Is Housing a Predictor of Autonomy and Quality of Life of People with Severe Mental Illness? Implications for Social Work
For people with severe mental illness (SMI), housing type based on the level of professional input and support is an important factor in maintaining health. Housing impacts on quality of life (QOL); however, studies have not comprehensively explained the relationship between the types of housing and QOL. This scoping review investigates the relationship between the quality of life of people living with severe mental illness, housing, and objective sense of autonomy. Nine online databases were searched for studies published from 2000 onwards that identified research studies of adults with severe mental illness living in a variety of housing types. Fourteen studies met the eligibility criteria. The findings show that supported housing that offered access to trained staff led to a higher QOL and in turn an increase in autonomy. Allowing residents to choose their preferred type of housing also increased their QOL. Nonsupported group housing allowed for the development of friendships, which in turn had a positive impact on QOL, but there was little evidence to support this model. Despite this, social isolation and victimisation were areas of concern. This review adds to the body of evidence against transinstitutionalisation and emphasises the need for ongoing psychosocial interventions and support for people living with SMI in community settings.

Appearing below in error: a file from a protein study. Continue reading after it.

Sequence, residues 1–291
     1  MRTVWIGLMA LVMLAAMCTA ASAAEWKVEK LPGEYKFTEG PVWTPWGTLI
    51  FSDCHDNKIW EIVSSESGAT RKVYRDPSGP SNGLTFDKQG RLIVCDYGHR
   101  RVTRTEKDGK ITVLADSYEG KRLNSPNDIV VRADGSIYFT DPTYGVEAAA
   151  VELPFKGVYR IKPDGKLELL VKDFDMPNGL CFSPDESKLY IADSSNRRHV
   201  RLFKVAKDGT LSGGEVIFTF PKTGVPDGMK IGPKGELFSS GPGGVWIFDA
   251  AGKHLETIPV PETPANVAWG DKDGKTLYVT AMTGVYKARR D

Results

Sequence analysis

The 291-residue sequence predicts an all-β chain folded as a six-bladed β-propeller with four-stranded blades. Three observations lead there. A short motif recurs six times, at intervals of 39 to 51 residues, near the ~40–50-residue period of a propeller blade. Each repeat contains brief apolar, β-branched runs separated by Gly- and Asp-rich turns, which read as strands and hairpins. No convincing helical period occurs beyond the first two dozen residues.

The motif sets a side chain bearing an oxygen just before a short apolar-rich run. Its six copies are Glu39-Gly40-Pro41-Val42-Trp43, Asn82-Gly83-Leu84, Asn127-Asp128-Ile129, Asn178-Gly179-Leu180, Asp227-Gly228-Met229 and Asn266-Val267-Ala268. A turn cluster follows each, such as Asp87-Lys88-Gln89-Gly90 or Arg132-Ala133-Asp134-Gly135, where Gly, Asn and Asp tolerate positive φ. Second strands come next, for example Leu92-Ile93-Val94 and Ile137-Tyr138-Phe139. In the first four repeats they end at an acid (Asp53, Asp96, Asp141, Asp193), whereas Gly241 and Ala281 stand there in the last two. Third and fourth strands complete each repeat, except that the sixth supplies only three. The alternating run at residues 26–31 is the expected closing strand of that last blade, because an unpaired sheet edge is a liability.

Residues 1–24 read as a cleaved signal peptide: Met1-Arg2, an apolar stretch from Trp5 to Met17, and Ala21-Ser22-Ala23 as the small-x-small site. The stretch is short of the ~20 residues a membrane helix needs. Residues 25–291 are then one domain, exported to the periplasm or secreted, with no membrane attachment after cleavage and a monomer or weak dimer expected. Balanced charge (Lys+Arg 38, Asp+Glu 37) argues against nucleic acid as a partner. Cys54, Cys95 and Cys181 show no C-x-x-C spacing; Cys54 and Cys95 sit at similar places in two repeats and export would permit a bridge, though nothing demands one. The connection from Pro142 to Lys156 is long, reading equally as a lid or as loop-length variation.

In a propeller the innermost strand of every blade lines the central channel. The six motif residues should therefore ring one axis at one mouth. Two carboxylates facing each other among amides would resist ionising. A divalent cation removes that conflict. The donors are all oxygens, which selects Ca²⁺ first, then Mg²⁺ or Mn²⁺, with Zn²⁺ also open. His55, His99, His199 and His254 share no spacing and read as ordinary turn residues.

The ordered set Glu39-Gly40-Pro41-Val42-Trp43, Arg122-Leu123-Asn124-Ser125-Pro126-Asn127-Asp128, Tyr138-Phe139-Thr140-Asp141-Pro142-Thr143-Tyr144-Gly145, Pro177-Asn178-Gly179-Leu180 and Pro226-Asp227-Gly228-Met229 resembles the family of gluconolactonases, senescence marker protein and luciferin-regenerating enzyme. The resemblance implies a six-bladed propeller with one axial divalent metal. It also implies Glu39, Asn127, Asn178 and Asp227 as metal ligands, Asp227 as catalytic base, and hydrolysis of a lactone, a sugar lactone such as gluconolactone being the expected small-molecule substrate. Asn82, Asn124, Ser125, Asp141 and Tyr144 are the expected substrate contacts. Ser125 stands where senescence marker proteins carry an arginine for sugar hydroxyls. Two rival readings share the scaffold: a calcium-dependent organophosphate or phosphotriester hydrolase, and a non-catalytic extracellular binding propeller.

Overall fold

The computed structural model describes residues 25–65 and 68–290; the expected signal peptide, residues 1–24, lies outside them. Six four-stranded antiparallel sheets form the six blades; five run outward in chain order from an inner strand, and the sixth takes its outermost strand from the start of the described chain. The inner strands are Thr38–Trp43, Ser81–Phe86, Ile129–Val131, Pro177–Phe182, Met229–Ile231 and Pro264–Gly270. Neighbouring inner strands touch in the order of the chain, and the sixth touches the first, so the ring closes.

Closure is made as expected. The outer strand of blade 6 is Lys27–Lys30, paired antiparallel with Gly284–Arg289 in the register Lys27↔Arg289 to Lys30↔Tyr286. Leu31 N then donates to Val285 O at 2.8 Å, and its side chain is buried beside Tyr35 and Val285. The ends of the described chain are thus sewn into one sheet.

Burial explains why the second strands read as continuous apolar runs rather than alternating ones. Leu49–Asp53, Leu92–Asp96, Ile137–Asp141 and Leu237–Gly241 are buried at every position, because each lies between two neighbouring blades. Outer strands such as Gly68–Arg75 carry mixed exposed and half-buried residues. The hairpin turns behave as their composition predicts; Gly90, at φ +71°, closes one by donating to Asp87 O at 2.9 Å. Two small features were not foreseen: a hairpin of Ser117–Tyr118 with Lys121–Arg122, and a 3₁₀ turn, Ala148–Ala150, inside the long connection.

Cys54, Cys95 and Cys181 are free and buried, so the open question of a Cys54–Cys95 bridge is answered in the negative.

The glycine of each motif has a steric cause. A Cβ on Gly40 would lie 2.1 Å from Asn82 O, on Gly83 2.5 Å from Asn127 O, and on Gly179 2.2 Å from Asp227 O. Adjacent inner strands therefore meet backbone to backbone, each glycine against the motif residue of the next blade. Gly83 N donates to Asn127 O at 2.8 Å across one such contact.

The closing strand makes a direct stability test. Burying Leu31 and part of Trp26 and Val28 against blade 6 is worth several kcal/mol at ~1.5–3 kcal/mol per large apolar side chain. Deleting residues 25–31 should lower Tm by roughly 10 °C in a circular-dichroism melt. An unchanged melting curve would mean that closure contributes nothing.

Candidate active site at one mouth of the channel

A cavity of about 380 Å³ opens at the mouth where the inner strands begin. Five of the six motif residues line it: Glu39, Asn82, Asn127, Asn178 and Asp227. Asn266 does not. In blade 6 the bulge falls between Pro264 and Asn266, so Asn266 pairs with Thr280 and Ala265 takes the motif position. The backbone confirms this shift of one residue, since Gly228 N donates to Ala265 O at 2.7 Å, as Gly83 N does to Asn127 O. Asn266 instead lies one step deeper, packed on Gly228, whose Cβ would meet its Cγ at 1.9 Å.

Different housing options for residents living with severe mental illness can impact their quality of life.
Policymakers and practitioners need to consider the impact of the level of support and sense of autonomy on the quality of life of residents living in supported and nonsupported housing.
Social work can contribute professional expertise in developing a policy or framework to improve quality of life in society.
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